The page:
President Bush expanded sanctions against Zimbabwe on Friday, two weeks after failing to win U.N. support for them because of vetoes by Russia and China.
Bush ordered the new sanctions to intensify pressure on President Robert Mugabe, as well as his political supporters and government-connected businesses, following elections marred by violence and intimidation and widely denounced as fraudulent.
“No regime should ignore the will of its own people and calls from the international community without consequences,” Bush said in a statement that accompanied an executive order expanding the American sanctions.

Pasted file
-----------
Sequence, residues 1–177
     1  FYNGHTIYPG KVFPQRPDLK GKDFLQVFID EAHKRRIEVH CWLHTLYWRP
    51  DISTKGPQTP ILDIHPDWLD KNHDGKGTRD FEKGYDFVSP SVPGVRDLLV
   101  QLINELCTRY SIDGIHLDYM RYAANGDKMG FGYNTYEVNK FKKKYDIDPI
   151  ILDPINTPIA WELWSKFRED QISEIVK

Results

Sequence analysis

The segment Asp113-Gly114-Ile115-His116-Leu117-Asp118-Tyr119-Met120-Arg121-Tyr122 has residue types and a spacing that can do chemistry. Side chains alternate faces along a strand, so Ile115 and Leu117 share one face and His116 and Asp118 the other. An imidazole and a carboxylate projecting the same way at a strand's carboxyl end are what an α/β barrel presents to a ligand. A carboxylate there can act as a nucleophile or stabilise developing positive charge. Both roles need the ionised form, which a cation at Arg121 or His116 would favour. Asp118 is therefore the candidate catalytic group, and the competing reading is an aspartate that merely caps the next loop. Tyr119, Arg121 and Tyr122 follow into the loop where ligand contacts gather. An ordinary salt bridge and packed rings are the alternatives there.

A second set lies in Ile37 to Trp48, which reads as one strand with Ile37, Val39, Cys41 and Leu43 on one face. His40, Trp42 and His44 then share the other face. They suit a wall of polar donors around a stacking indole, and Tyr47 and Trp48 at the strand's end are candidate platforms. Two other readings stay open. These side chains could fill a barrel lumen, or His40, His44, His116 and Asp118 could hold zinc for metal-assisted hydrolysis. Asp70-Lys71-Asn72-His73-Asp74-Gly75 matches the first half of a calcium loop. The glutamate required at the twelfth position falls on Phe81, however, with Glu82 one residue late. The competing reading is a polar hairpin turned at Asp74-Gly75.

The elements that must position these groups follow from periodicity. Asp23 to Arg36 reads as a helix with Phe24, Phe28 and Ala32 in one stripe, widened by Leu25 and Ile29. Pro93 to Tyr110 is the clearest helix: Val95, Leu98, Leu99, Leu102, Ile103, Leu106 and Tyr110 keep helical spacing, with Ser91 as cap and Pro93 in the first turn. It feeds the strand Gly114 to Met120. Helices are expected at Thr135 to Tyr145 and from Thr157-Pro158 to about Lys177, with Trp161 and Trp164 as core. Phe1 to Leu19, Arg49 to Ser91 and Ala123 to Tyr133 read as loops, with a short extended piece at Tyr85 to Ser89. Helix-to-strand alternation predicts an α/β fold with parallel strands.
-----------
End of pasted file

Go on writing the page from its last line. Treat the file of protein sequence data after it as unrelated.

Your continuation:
The president's step came after a similar tightening of sanctions by the European Union, further isolating Mugabe's government, though to little immediate effect.
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The U.S. has already imposed sanctions against Mugabe, Zimbabwe's leader for 28 years, as well as 129 other people and 35 businesses.
The order issued on Friday added 17 more businesses, which the Treasury Department said in a statement were used by Mugabe and his “regime cronies” to “illegally siphon revenue and foreign exchange from the Zimbabwean people.”